Rhetorical traditions and the teaching of writing
The argument of this book is that the earliest tradition of Western rhetoric, the classical perspective of Aristotle and Cicero, continues to have the greatest impact on writing instruction--albeit an unconscious impact. This occurs despite the fact that modern rhetoric no longer accepts either the views of mind, language, and world underlying ancient theory or the concepts about discourse, knowledge, and communication presented in that theory. As a result, teachers are depending on ideas as outmoded as they are unreflectively accepted. Knoblauch and Brannon maintain that the two traditions are fundamentally incompatible in their assumptions and concepts, so that writing teachers must make choices between them if their teaching is to be purposeful and consistent. They suggest that the modern tradition offers a richer basis for instruction, and they show what teaching from that perspective looks like and how it differs from traditional teaching.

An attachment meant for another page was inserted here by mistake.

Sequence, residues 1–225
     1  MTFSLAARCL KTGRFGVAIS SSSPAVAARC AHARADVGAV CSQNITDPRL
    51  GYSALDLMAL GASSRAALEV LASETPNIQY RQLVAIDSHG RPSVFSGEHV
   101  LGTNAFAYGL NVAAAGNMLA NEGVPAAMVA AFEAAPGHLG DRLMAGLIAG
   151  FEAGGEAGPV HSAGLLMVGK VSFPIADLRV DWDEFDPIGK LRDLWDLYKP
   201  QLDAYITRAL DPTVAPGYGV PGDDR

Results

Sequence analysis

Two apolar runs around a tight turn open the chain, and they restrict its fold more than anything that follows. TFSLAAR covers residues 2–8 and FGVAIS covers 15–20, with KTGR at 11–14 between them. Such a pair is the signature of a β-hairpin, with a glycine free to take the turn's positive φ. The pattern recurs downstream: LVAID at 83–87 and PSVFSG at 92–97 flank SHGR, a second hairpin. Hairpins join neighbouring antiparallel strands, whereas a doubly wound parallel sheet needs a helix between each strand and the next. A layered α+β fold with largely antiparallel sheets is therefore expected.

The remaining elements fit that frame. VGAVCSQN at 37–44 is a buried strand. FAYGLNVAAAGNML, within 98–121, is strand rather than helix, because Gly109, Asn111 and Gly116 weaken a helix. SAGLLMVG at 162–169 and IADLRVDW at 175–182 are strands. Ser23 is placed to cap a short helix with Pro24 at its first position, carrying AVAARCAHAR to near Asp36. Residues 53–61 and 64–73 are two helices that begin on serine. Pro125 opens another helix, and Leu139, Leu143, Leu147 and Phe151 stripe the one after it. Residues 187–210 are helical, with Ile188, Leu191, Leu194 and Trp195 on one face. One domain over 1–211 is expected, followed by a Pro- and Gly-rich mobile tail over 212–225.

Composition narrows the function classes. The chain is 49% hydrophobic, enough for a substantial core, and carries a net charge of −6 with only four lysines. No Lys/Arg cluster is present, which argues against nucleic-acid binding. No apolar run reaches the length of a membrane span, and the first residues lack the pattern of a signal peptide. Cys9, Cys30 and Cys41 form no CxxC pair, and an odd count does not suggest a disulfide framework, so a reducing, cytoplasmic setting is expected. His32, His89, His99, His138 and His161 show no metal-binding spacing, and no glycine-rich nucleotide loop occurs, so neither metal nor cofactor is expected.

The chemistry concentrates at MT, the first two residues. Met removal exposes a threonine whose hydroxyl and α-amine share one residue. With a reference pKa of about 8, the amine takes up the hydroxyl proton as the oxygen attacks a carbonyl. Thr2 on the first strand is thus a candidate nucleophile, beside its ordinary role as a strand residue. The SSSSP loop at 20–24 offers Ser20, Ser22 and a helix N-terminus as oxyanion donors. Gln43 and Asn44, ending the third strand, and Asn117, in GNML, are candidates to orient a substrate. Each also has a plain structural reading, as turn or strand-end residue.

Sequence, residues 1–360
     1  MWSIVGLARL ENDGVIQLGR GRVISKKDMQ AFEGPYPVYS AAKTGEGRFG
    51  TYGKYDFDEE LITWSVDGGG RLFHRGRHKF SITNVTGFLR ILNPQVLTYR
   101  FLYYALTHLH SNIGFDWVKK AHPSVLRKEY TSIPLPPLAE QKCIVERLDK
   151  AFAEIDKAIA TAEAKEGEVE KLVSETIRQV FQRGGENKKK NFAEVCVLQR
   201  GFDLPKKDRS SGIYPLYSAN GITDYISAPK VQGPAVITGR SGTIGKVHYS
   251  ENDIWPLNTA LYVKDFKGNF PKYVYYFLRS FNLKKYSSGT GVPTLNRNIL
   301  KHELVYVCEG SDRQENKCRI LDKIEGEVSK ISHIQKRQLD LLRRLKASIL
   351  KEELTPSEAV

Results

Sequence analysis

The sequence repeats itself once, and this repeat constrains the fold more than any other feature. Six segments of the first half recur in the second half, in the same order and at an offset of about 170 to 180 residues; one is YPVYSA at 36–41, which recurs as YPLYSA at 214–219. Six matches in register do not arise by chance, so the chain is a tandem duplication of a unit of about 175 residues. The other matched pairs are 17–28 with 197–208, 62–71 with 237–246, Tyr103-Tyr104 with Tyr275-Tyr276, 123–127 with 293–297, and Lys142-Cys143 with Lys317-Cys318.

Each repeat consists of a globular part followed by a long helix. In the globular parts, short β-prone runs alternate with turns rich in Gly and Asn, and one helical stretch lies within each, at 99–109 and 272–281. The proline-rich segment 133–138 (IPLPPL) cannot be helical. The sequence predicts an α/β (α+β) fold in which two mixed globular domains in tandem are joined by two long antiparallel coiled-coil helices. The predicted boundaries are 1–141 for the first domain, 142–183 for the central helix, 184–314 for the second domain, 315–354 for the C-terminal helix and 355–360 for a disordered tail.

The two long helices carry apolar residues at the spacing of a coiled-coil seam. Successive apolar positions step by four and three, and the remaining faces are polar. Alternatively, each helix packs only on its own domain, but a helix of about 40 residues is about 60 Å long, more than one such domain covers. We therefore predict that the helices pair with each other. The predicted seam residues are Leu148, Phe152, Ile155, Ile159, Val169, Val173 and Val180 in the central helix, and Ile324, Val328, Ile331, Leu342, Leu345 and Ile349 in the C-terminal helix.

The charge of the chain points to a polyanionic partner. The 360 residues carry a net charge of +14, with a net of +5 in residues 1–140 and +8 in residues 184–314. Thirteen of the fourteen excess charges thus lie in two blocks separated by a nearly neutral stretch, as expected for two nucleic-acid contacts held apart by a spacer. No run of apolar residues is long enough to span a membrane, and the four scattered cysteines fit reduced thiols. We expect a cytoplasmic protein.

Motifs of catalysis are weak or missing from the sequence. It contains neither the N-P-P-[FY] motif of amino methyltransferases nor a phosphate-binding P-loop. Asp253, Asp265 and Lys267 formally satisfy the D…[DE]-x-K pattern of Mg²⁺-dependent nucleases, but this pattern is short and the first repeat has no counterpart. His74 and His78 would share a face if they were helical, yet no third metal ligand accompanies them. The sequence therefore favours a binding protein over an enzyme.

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Review: Rhetorical Traditions and the Teaching of WritingUser Review - Goodreads
Dry, but essential reading for anyone teaching writing.
Review: Rhetorical Traditions and the Teaching of WritingUser Review - Bruce - Goodreads
this densely written book, found on the street several months ago, has had a great influence on my teaching of high-school English. Knoblauch and Brannon identify writing as a competency rather than a ... Read full review